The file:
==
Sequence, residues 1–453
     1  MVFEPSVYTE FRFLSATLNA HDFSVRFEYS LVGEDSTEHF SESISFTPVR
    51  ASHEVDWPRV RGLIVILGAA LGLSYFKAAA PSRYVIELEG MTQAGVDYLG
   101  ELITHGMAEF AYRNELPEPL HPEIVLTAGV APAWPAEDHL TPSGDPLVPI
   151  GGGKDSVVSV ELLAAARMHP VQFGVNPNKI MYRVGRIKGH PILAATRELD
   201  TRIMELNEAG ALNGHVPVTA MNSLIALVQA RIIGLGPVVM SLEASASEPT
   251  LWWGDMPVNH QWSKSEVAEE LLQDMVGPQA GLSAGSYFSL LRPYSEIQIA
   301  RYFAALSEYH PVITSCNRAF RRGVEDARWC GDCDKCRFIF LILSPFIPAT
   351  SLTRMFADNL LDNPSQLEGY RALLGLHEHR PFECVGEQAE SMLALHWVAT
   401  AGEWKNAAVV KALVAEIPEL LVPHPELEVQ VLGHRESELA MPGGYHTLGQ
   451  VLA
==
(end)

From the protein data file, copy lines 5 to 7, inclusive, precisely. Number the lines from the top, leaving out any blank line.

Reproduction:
   151  GGGKDSVVSV ELLAAARMHP VQFGVNPNKI MYRVGRIKGH PILAATRELD
   201  TRIMELNEAG ALNGHVPVTA MNSLIALVQA RIIGLGPVVM SLEASASEPT
   251  LWWGDMPVNH QWSKSEVAEE LLQDMVGPQA GLSAGSYFSL LRPYSEIQIA